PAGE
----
|Japan’s International Cooperation Policies||T. Oiwa||2||○||○|
|Media and Society||M. Loehr||2|
|Southeast Asian Economy||2|
|Environmental Policy||L. Chen||2||○||○|
|Social Policy Study||S. Nabeyama||2|
|Regional Economics||H. Saito||2||○||○|
|Public Debt Management||T. Sakano||2||○||○|
|Cost-Benefit Analysis||S. Yamashita||2||○||○|
|Advanced Public Administration Studies IA||T. Umada||2||○|
|Advanced Public Administration Studies IB||T. Umada||2||○|
|Advanced Public Administration StudiesⅡA||T.Umada||2||○|
|Advanced Public Administration StudiesⅡB||T.Umada
|Local Government Finance||M. Nakama||2||○||○|
|International Framework for Environmental Protection||M. Maruyama||2||○||○|
|Cultural Psychology of Administration||T. Takemoto||2||○|
|Public Policy||T. Umada
Objectives: To acquire the basic skills required in the study of public administration management such as thesis writing skills, mathematics for economics and economic statistics.
(Quarter & Semester: 1 to 2 credits courses, to a total of 6 credits)
|2||Mathematics for Economics||1|
Objectives: To acquire fundamental knowledge and skills required in the implementation of public administration such as public economics, public administration, program evaluation and others.
(Semester: 2 credits courses, to a total of 14 credits)
|No.||Course Name||No.||Course Name|
|1||Public Economics||5||Program Evaluation|
|2||Development Economics||6||International Economics|
|3||Public Administration||7||Principles of Administrative law|
Objectives: To study advanced topics related to public administration and other subjects to allow the acquisition of the theories and specified knowledge required in the implementation of efficient public administration.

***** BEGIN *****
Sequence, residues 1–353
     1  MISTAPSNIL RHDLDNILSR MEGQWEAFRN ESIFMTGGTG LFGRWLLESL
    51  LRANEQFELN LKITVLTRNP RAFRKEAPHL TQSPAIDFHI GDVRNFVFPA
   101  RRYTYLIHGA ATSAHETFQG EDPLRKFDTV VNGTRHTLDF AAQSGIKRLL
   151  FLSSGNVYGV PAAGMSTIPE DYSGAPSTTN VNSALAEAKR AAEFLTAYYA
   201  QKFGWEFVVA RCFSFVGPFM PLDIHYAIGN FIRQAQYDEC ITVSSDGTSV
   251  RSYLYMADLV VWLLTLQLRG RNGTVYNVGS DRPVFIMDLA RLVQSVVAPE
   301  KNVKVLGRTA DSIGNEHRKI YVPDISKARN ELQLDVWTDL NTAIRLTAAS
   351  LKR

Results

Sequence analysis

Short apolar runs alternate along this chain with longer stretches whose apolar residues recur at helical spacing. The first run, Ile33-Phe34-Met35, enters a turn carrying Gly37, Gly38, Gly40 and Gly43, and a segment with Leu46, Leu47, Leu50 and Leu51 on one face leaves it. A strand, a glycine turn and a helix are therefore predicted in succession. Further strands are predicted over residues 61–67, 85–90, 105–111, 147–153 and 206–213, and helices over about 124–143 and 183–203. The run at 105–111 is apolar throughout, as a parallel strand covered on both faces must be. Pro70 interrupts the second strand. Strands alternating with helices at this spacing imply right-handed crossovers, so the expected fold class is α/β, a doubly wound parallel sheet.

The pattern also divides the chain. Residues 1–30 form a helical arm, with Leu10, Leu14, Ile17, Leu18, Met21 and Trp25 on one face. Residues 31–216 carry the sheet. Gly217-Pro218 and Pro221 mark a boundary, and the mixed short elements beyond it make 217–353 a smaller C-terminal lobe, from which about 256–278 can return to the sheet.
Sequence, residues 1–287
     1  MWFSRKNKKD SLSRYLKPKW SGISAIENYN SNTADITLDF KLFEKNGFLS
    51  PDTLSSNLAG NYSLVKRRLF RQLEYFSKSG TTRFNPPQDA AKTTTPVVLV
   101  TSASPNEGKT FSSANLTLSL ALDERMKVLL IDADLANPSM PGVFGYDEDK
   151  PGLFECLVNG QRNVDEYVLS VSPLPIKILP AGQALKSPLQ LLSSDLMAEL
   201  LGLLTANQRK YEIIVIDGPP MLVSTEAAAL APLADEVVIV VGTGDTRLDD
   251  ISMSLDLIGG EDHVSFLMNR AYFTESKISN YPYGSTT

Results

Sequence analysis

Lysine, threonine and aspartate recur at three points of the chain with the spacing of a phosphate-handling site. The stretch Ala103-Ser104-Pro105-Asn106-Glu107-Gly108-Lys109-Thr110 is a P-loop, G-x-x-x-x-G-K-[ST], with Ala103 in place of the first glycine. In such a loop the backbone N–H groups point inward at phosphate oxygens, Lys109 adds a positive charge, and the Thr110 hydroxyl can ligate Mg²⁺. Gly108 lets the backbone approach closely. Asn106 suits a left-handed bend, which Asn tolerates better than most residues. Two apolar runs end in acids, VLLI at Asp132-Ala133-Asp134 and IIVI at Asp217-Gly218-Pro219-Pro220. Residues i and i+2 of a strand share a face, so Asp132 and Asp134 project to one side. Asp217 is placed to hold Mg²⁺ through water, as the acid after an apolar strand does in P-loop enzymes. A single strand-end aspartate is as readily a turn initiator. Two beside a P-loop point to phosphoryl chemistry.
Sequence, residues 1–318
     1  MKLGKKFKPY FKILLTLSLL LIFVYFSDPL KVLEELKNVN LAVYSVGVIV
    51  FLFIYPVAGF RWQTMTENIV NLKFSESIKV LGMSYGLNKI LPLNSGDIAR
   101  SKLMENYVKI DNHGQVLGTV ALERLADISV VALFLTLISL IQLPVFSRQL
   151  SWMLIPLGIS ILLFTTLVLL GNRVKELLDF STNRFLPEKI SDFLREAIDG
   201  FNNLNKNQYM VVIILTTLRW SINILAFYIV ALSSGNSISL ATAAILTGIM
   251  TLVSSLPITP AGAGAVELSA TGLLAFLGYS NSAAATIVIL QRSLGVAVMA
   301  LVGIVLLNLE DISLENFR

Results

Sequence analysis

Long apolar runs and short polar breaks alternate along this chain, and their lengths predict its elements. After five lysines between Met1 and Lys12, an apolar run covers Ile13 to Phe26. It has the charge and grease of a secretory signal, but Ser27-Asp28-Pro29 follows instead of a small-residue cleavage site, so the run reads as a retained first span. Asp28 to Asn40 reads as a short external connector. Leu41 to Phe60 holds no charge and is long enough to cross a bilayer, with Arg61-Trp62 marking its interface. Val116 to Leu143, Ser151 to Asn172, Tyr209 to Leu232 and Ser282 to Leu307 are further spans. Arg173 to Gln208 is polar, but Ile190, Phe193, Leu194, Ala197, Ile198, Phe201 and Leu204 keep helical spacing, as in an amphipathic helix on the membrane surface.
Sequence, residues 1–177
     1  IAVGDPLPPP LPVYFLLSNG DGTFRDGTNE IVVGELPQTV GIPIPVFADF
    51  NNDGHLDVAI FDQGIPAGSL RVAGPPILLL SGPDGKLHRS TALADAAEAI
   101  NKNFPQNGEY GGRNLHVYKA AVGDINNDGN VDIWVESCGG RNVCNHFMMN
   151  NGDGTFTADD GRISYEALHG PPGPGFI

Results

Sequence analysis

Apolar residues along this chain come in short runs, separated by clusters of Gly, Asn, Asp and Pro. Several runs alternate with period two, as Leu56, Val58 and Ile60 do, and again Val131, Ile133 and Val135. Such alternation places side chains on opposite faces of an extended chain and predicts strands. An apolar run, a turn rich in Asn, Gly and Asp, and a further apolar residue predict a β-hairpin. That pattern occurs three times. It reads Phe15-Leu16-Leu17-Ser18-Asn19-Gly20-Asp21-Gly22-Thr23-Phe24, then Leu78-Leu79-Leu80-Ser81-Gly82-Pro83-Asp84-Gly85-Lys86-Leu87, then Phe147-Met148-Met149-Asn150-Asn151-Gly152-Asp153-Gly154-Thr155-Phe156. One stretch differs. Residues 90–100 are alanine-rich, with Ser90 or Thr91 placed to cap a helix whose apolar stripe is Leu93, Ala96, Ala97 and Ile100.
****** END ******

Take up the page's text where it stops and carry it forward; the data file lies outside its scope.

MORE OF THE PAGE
(Semester: 2 credits courses, to a total of 2)
|No.||Course Name||No.||Course Name|
|1||Japan’s International Cooperation Policies||9||Advanced Public Administration Studies IA|
|2||Media and Society||10||Advanced Public Administration Studies IB|
|3||Southeast Asian Economy||11||Advanced Public Administration Studies ⅡA|
|4||Environmental Policy||12||Advanced Public Administration Studies ⅡB|
|5||Social Policy Study||13||Local Government Finance|
|6||Regional Economics||14||International Framework for Environmental Protection|
|7||Public Debt Management||15||Cultural Psychology of Administration|
|8||Cost Benefit Analysis||16||Public Policy|
*Additionally，students must take in the first year, Seminar IA (2 credits) and Seminar IB (2 credits) and in the second year, SeminarⅡA [ Thesis Instruction ] (2 credits) and SeminarⅡB [ Thesis Instruction ] (2 credits).
|Preparatory Courses||6 Credits|
|Core Courses||14 Credits|
|Elective Courses||2 Credits|
|SeminarⅡA (Thesis Instruction)||2 Credits|
|SeminarⅡB (Thesis Instruction)||2 Credits|
N. Phuc Huu
# Refer to the curriculum chart for each professor’s field of study.
In the Graduate School, when a student is admitted, supervisory professors are appointed beforehand depending on student’s specific area of study. Those professors are prepared to start supervision immediately after the arrival of students. Concerning thesis writing, vice supervisor is appointed at an early stage providing generous and careful guidance.